Data Democratization: Definition and Principles

As the world continues on its path to total digitalization, understanding and using the full potential of data plays a central role in the success of any organization in this day and age. So, bridging the gap between those with access to data and those without it is as vital as ever because it could be the make-or-break factor that decides the company’s future. And here is where data democratization comes in. 

As the name suggests, data democratization is about ensuring that each individual can use data to drive the business to success, make informed decisions, and create a positive impact. But to fully understand what this process entails, we need to dive deeper into the core of data democratization and see how democratizing data can help businesses and individuals achieve their goals and become more successful. Let’s start with the basics. 

Data Democratization Simplified

The simplest explanation of data democratization is that it involves giving access to data to a wider range of people within an organization or society. However, data democratization involves far more than just giving data access.

Namely, data democratization is an ongoing process that aims to enable everyone in the organization to understand and work with data comfortably, regardless of their technical expertise or lack thereof. Further, its primary goal is to ensure that all employees can see and analyze the data to gain valuable insights and make data-driven decisions. 

As opposed to the traditional way where only a select few groups or individuals had access to data, with data democratization, organizations can eliminate the barriers that existed before and create an inclusive environment in which different departments can easily get the data they need from another department. 

This also allows for a more democratized decision-making process, where all the relevant stakeholders can participate and make more informed decisions.

The 5 Pillars of Data Democratization

As mentioned, data democratization is not just about giving data access to more employees. It is a comprehensive process that includes sharing data but also helping end users understand it. While this process may look different for each organization, five main pillars of data democratization need to be considered so that the implementation is successful: 

Broaden data access – End users should have access to one central data source from which they can view and get the data they need.

Stimulate data use with self-service – Tools like Power BI, Tableau, and Alteryx can fuel insight generation and reduce the burden on data analysts.

Level up data literacy – Setting up training programs taught by experts will provide employees with the skills and practical knowledge needed to find, interpret, and use the data.

Create data communities – Connecting data specialists and non-specialists across different teams by establishing formal and informal communication channels where they can share knowledge, reports, and information.

Promote data value – Communicating the importance of data to everyone in the organization via corporate channels such as conferences, newsletters, and bulletin boards and motivating employees to participate in the data democratization process actively.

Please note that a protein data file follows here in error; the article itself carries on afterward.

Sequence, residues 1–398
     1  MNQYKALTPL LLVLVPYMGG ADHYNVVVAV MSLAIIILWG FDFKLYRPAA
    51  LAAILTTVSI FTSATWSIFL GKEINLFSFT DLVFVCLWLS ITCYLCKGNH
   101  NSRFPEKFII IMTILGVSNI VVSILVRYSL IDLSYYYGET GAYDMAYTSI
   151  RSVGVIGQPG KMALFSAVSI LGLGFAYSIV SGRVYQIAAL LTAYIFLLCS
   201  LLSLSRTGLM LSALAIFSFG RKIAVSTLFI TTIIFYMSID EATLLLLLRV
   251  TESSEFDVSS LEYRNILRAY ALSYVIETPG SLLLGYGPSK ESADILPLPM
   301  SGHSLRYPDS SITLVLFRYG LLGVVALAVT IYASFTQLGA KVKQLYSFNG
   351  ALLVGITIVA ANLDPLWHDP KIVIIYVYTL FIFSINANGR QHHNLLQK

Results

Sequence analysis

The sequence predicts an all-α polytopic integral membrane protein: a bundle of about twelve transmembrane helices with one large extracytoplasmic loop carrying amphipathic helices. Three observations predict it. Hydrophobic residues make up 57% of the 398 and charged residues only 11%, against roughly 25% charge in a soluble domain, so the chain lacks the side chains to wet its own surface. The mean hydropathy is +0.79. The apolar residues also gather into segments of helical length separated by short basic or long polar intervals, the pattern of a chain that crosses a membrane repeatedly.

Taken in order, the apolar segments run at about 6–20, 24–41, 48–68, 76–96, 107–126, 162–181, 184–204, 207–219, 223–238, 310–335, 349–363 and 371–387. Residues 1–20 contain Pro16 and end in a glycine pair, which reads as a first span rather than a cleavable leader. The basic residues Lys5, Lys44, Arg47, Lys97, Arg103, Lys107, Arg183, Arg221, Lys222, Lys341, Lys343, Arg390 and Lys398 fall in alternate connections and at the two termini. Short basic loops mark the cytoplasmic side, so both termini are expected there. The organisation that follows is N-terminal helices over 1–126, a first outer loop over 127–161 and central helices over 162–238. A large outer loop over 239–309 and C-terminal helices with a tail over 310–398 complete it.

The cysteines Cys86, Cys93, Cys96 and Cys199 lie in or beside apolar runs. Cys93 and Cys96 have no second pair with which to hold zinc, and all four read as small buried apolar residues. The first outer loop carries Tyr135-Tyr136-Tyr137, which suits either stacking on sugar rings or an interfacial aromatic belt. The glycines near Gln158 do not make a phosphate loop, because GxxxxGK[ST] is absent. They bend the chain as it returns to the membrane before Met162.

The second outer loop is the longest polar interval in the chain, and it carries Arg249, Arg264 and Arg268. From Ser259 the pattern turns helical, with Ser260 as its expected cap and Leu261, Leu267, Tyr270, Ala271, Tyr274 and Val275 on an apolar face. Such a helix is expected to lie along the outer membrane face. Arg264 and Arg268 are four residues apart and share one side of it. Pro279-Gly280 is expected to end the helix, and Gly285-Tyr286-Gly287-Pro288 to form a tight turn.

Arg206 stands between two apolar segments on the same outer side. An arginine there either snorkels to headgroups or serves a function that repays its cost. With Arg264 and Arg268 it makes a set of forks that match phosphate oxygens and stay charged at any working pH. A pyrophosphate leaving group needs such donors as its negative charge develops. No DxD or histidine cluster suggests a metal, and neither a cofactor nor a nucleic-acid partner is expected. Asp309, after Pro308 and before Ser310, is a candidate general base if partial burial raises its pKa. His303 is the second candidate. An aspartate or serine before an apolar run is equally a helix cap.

Types of Data Literacy

As one of the five pillars of data democratization, data literacy is a crucial component of the data democratization journey. To stay one step ahead of the competition and ensure that all employees can successfully use data to complete their day-to-day tasks, organizations worldwide are investing heavily in educating their employees and giving them access to the appropriate tools and knowledge they need.

However, because different teams work with data and use it for different purposes, the level of data literacy will vary for each team. 

  • Product Development and Engineering – these teams use data to create and build features that increase customer value and remove the ones that affect the product negatively.
  • Customer Support – team members use data generated from each user to deliver faster issue resolution and a better customer experience overall. 
  • Marketing – in this field, teams use data as a basis for creating engaging content and campaigns that will increase conversions and attract new customers.
  • Sales – data is a valuable tool for sales teams because they can use it to discern who is likely to convert/buy the product or service they are selling.
  • Executive branch – the executives of an organization use data to track business performance and see what needs to be improved.

The list goes on and on. The thing worth noting here is that while data literacy should be implemented across the board, each team must get the tools and skills relevant to their specific needs so that they can easily learn to interpret and use data.

Data Democratization Tools

Because data has become such a crucial aspect of businesses across all industries, many tools exist that can help the data democratization process and make it easier and more efficient. We will list the most used ones below.

  • Data Visualization 

With these tools, users can visualize the data they are working with and make it easier to understand. This way, a broader range of people can use the data and interpret it even if they do not have extensive data analysis knowledge. Some of the most used data visualization tools include Tableau and Power BI.

  • Data Catalogs

These catalogs include an inventory of all of the available datasets that users can search through to easily find, access, and use the data. Additionally, data catalogs can provide a central repository available to all employees, ensuring that everyone can access the data whenever needed. Some data catalog tools include CKAN and Socrata.

  • Open Data Platforms

Individuals can use open data platforms to access publicly available data. This data is reusable and can help users get the information they need for their projects. Examples of open data platforms include and the Open Data Portal of the World Bank.

  • Data Governance

Organizations can use data governance tools to manage and protect their data assets and ensure that the data they are working with is accurate and in compliance with the relevant regulations. They can also provide a framework for sharing data securely. Some examples of data governance tools include Informatica and Collibra.

Advantages of Data Democratization